TDF Premiere: Twenty Committee share lyric video for 'Something New' featuring the fantastic Chloe Rodgers

Having released their beautiful track 'Something New' earlier this month, Twenty Committee return to share their lyric video which is premiering above on TDF right now.

The track, which features one of our favourite up-and-coming artists, Chloe Rodgers, is a stunningly realised and atmospheric tune that defies comparison. Coupling the delicate production with Rodgers warming and powerful vocals is a masterstroke that sets the track on top of a pedestal that would be hard to reach.

Working alongside videographer Kate Lomas for the visuals, this new video looks to showcase the more rustic and ambient side to their newest offering. Marrying light and sweeping piano keys and Rodgers’ unmistakeable vocals with remote and horticultural landscape gives this accompaniment a rich and textured appeal that helps breathe life into this already atmospheric delight.

Speaking about the video, videographer Kate Lomas said, "The concept behind the video was to portray the fragile delicate state of unreciprocated love and the haunting loneliness that comes with this. Chloe lays pretty and heartbroken in a lonely haunted setting "the weathers better when it's cold and dark" yet her infatuation yearns for the person in the song 'from always wanting something new, I just wanted you"

Twenty Committee will release their debut EP Minutes Volume 1 on 20th November.

Tracklisting:

  • Bones (Feat. Chloe Rodgers)
  • This Town (Feat. Chloe Rodgers)
  • John (Feat. Chloe Rodgers)
  • Sick of It All (Feat. Chloe Rodgers)
  • Something New (Feat. Chloe Rodgers)
  • Is It Real (Feat. Chloe Rodgers)
  • In A Rush (Feat. Chloe Rodgers)
  • Stay (Feat. Chloe Rodgers)
  • Miss You (Feat. Chloe Rodgers)

They may or may not have taken their name from a counter-espionage operation, or that’s what they would like you to think anyway. Twenty Committee is the brainchild of Anders Källmark, an acclaimed music producer, composer and engineer, who has always had a direct and deliberate approach to the sound he is looking to create. Born in Sweden and a long-term resident of Stockholm now residing in London, Källmark came to the UK to study before quitting to pursue a career at Sony Classics, where he worked with composer Richard Horowitz, and has also been the mastermind behind the new EP ‘Whale’ from rising Swedish songstress Rebecka Reinhard.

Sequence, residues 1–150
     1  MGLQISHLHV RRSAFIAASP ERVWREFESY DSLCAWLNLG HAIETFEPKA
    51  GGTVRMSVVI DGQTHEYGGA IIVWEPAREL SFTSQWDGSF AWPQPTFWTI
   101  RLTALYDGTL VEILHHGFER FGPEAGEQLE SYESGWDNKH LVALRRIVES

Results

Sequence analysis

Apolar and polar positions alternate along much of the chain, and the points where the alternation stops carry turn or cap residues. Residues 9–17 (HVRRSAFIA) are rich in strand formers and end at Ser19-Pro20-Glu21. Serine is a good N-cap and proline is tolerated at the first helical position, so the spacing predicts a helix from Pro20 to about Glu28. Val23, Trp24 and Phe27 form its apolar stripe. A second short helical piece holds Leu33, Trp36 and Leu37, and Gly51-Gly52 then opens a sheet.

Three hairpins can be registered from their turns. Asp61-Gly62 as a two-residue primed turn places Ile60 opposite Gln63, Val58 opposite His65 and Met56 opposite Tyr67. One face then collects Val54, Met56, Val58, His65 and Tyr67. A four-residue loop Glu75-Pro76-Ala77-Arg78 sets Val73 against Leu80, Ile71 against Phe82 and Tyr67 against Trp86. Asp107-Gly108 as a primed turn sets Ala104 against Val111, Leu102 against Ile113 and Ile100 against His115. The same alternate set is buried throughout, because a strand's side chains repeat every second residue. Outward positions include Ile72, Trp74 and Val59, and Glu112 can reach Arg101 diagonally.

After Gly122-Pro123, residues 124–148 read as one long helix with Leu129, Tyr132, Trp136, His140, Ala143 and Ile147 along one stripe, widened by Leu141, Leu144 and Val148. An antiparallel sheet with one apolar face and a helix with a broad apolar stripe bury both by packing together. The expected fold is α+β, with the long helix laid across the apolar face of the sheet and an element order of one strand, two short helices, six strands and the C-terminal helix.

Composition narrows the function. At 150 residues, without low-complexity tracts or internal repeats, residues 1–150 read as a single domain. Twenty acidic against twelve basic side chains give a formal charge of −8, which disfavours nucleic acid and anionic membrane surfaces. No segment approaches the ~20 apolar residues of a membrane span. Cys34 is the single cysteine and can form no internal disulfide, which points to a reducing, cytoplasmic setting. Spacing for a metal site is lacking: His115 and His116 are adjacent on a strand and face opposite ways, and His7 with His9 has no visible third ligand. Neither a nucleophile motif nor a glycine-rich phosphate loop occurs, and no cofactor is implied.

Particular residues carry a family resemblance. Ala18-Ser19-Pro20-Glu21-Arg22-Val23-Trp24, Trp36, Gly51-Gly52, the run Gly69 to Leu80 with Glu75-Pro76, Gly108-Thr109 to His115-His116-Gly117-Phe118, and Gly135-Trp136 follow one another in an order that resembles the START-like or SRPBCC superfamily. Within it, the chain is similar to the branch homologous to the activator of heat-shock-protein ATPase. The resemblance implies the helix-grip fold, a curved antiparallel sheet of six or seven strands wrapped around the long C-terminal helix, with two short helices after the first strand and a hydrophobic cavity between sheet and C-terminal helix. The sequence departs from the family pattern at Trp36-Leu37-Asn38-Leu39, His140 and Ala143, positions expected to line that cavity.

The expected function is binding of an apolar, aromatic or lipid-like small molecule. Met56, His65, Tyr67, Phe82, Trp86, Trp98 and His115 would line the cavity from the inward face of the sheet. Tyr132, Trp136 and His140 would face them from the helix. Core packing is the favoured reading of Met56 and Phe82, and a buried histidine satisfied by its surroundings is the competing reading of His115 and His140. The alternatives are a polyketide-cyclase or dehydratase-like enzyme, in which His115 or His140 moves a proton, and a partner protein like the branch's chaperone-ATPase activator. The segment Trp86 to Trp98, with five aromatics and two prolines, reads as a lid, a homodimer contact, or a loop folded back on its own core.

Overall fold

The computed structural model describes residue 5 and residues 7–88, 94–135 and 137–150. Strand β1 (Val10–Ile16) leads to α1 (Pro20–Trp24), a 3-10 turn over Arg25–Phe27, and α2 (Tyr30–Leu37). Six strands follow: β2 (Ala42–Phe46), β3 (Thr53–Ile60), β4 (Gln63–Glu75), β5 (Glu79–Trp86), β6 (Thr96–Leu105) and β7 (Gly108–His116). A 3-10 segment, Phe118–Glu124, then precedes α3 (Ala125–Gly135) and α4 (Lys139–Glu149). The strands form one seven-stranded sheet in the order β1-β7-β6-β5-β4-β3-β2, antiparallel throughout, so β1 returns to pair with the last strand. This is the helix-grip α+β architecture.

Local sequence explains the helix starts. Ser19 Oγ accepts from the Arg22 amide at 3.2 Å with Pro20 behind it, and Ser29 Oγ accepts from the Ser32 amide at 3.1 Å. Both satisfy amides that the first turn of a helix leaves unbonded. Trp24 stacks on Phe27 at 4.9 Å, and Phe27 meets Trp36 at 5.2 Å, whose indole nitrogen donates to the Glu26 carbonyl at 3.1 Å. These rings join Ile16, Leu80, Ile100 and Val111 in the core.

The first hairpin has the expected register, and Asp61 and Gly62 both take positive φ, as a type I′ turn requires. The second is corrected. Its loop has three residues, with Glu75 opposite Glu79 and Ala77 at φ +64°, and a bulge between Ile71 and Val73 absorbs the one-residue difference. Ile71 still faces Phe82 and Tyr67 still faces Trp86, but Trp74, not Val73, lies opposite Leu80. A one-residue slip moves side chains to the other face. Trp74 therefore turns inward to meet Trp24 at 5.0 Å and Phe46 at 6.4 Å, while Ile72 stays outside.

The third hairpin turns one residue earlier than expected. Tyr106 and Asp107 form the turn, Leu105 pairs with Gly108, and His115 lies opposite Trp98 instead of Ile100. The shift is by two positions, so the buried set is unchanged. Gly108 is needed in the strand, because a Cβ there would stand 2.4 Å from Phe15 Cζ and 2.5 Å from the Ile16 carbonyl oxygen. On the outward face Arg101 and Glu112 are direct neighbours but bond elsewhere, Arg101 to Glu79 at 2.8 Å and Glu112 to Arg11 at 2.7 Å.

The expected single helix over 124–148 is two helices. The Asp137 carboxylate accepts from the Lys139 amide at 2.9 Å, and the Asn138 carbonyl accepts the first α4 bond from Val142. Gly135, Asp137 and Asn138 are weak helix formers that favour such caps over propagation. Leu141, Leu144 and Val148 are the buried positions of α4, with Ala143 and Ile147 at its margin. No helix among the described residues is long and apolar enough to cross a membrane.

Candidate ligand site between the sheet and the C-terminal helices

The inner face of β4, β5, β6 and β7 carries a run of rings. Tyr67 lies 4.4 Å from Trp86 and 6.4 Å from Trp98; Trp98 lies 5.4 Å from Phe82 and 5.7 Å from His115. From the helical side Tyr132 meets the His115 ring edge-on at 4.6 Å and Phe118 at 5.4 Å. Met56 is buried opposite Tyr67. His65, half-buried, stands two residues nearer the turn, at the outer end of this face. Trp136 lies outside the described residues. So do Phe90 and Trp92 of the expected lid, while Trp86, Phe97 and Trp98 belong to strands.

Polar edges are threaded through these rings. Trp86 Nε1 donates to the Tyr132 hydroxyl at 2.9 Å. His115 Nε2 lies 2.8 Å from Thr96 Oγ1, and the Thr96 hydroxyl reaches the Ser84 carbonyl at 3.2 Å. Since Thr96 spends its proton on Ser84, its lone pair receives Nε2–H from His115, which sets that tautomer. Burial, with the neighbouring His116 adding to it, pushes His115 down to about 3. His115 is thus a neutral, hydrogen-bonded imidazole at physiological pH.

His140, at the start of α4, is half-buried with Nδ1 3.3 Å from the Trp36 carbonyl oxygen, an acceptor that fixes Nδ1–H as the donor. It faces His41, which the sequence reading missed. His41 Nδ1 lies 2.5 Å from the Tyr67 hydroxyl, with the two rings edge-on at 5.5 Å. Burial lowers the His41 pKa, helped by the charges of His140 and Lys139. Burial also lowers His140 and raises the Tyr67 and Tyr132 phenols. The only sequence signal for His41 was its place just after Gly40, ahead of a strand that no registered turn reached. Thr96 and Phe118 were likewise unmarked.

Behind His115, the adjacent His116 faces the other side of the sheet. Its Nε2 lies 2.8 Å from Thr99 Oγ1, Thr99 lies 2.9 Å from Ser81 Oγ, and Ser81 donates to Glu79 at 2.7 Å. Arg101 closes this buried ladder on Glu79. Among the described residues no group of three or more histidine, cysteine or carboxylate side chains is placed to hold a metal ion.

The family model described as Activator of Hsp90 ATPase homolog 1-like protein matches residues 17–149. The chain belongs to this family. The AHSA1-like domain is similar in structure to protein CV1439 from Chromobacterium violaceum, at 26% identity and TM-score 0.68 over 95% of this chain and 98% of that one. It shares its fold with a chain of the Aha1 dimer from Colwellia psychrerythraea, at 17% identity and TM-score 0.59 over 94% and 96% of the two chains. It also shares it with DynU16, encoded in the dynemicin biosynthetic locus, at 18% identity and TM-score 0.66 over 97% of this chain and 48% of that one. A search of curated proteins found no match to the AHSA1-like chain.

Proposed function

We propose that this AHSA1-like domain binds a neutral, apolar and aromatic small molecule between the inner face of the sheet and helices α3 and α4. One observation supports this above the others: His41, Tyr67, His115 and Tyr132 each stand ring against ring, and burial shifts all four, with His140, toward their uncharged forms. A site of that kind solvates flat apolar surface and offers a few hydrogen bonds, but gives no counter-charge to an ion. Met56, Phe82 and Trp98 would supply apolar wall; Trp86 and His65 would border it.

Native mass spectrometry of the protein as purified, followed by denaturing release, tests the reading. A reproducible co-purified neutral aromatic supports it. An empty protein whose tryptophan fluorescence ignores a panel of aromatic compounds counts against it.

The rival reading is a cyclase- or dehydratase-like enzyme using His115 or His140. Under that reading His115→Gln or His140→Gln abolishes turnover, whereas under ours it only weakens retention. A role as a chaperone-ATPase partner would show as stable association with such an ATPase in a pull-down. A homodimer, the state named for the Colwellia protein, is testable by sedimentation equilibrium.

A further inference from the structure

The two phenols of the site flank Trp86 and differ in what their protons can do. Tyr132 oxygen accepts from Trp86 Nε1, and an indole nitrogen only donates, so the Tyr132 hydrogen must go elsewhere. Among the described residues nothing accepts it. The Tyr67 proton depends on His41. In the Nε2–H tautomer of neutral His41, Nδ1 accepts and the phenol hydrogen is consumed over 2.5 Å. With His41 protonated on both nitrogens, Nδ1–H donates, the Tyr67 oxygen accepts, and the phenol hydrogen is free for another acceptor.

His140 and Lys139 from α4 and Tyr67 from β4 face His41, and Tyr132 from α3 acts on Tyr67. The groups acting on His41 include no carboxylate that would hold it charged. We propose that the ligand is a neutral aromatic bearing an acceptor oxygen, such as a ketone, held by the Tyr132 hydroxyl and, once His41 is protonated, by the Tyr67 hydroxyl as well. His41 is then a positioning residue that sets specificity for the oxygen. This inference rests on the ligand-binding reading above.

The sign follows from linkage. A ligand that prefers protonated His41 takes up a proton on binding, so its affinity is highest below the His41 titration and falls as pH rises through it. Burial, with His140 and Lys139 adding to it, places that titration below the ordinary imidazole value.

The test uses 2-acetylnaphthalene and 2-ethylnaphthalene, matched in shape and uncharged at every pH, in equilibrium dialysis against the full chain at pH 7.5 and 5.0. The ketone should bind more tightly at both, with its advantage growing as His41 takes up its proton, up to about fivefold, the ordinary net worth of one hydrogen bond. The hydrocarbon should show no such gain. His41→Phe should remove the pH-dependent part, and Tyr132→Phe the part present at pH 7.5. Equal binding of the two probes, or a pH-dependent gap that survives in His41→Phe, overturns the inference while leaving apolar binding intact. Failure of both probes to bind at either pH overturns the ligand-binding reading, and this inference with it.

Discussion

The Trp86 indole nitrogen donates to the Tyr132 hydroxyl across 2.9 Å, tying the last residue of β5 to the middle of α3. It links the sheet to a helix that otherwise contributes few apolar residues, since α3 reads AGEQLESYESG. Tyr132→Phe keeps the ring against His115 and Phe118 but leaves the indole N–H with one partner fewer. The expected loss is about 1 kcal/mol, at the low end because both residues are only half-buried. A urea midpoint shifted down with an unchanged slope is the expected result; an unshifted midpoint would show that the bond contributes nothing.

As the power behind renowned record label Crowds and Power, an imprint named after an Elias Canetti book, published in 1960, that focuses on the dynamics of crowds and packs and asks why crowds obey the power of rulers, his label looks to take an equally rebellious route as it navigates the music turmoil to uncover truly hidden gems snuck into the fabric of our lives.

Correspondingly, as part of Crowds and Power’s diktat, Källmark has recruited a collection of Swedish and British songwriters and vocalists who make Twenty Committee’s debut album ‘Minutes’ something of an esoteric masterpiece. Amongst its rotating cast of characters lies Chloe Rodgers, a 23-year-old singer whose voice is so fiercely independent that she is in danger of becoming the Liz Fraser of the enterprise, and an artist that Källmark discovered whilst trawling through YouTube.

Originally from Nottingham, Rodgers’s vocal delivery is so obviously unaffected – and so delicately nuanced - you could be forgiven for thinking she could be of Scandinavian origin, or even Bjork’s younger sibling. This is particularly apparent on ‘Bones’, one of the more extraordinary songs that make up ‘Minutes’. ‘Bones’ is about jealousy and kicks off like Brian Eno’s Airports before morphing effortlessly into the kind of dewy-eyed synth pop (featuring some lovely Cure-type guitar) you’ve all been waiting for. It’s revelatory, of course, although no more so than ‘This Town’, a song that features looped techno-violin string arrangements, a perfectly positioned vocal you could put your arms around, and a story line centred on our intrepid hero venturing into the big city for the first time.

Elsewhere, the bitterly-prescient ‘In A Rush’ is a post-punk Banshees/Bjork/Modern Eon-esque delight, spotlighting a murderously bad relationship - it’s Källmark’s favourite song of the collection – that includes a murderously-sampled loop of one note of a cello recorded on a tomato farm in South Africa, whilst ‘Something New’ is a deceptively-sweet, piano-led ballad featuring a protagonist with a pathological need to move on even as they appear to be happy as part of a relationship. Best of all, is ‘Sick Of It All’, a song that started on an MS20 upright piano – originally used by Ultravox back in their heyday – at RAK Studios, before being managed and massacred as part of a sequential circuit that utilizes a Studio 440 drum machine. It’s part of a Lost Future netherworld last explored by those performing at the 1980 Leeds Futurama Rock Festival, a sound writ larger on ‘John’, which is all double-tracked vocals and a weird Prophet VS7 sitting on top of countless levels of delay. Told you they were clever.

With so much incredible new music on the horizon, Twenty Committee look set to become the next big name to emerge from Scandinavia. Bringing more of that diverse and ground-breaking aesthetic that we have come to love from that part of the world, Anders Källmark is a man with a purpose, and that is to give us the very best that his kaleidoscopic mind has to offer.

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